On November 3, 2020, the Federal Court of Appeal of Canada (the Court) issued its decision in Amgen Inc v Pfizer Canada ULC, 2020 FCA 188, dismissing an appeal from a Federal Court decision that found claims 43 to 47 of Canadian Patent No. 1,341,537 invalid due to obviousness.
Although Amgen conceded that the Federal Court identified the correct legal test for obviousness, it submitted that the lower court erred by using incorrect legal standards when applying the various factors of the obviousness test. Amgen also relied on a “cumulative effect” argument, alleging that the Federal Court did not consider whether a series of obvious steps, viewed together, can be non-obvious for the purposes of the obviousness test.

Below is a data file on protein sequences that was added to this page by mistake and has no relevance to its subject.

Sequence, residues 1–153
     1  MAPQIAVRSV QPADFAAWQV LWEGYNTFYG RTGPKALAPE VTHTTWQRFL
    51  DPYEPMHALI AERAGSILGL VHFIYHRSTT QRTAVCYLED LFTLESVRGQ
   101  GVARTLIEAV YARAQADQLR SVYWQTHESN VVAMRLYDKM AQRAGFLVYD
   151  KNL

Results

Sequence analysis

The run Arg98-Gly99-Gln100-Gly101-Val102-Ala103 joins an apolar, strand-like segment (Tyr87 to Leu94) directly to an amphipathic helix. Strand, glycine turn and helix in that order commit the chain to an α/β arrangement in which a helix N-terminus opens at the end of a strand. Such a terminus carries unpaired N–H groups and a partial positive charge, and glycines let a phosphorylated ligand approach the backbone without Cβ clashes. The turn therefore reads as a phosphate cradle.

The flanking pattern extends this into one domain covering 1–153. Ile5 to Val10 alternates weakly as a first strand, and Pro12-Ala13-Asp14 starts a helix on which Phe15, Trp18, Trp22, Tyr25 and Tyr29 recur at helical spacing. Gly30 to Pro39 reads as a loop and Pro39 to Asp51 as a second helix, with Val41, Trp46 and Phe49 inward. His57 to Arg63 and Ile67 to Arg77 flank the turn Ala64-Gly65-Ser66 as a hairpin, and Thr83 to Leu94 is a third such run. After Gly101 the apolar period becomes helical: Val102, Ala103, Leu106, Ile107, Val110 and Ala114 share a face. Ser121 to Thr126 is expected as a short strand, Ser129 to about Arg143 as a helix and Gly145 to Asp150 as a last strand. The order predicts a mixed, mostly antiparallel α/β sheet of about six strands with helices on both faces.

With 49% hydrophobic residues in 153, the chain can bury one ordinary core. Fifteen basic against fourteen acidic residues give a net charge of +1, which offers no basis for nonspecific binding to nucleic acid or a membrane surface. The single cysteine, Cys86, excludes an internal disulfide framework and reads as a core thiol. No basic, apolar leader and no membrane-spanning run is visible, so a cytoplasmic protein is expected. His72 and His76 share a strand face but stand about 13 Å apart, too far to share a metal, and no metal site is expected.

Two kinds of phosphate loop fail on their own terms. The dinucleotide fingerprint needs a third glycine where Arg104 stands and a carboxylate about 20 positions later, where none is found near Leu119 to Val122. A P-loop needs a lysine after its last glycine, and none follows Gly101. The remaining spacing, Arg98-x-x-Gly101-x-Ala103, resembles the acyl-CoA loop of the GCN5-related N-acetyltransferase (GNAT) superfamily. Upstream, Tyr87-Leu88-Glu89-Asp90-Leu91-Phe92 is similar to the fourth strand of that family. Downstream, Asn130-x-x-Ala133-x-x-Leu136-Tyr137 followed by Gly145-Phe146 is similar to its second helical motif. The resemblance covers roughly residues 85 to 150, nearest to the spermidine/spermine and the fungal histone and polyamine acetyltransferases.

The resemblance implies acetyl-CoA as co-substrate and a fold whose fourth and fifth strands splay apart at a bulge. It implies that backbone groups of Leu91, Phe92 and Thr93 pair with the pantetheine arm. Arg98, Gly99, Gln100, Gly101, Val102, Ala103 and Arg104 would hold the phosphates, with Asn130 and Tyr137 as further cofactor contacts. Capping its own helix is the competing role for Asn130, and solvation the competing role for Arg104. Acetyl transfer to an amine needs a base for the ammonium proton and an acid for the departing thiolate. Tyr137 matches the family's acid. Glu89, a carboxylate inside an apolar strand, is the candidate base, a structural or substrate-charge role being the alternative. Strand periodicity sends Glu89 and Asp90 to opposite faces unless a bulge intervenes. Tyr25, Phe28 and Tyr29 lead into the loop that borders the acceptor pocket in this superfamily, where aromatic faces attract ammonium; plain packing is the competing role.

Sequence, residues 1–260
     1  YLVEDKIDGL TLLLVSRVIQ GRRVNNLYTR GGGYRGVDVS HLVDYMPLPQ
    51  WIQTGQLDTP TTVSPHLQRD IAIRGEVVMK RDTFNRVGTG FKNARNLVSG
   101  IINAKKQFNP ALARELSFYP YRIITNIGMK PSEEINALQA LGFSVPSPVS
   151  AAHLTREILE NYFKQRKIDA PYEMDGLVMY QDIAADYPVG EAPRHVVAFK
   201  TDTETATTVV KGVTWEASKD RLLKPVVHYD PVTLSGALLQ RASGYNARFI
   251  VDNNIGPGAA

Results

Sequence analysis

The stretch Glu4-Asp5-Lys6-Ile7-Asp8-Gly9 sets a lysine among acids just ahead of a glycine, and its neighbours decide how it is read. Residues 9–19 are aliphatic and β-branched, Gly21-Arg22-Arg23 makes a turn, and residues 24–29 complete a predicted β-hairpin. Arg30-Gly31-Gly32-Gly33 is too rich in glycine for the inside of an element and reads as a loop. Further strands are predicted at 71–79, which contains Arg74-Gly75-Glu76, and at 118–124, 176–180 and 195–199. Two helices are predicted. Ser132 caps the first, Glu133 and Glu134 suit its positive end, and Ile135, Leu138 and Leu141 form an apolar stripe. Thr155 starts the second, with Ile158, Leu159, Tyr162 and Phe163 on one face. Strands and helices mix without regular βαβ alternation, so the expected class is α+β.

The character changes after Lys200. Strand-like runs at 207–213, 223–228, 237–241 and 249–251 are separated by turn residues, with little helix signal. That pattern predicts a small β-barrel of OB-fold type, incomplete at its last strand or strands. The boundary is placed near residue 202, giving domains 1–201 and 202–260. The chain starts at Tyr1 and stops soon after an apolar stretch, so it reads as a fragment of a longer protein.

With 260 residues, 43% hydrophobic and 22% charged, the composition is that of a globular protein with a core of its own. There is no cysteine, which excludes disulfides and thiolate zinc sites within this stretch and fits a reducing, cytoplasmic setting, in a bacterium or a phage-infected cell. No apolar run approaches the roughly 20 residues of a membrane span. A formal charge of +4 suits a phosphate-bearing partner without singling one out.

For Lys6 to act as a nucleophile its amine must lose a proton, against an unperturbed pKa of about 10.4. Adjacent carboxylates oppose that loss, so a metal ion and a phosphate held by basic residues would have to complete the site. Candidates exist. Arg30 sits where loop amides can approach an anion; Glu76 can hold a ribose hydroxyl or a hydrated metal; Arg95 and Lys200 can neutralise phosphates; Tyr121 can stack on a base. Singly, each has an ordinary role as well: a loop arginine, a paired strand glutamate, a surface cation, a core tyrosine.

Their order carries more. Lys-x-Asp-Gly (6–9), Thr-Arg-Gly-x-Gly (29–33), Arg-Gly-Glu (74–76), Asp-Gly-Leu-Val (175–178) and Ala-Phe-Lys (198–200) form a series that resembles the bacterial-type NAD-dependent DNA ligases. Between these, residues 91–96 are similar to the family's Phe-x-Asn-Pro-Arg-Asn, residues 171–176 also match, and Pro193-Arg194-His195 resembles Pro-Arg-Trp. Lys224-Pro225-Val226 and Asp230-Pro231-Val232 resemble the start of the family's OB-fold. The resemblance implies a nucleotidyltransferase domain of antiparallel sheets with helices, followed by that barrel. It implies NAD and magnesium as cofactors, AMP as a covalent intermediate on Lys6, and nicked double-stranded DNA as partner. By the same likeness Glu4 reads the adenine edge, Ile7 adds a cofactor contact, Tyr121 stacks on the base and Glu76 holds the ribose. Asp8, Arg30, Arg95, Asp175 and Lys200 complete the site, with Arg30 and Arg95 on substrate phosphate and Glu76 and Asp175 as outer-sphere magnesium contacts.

In dismissing the appeal, the Court said that when the Federal Court’s reasons are read holistically in light of the record and submissions made, it is clear that it had a correct understanding of the legal factors and their proper application to the test for obviousness. In its response to the “cumulative effect” argument, the Court said that while the Federal Court adopted a “segmented approach” in its analysis of the obviousness factors, this was an artefact of the manner in which the case was argued and the Federal Court did not rule out a “cumulative effect” argument as a matter of law.
The Court also noted that “…even if we were to apply the legal test for obviousness to the evidence ourselves as if we were first-instance judges—which we are not supposed to do—we would reach the same result as the Federal Court.”
Summary By: Imtiaz Karamat
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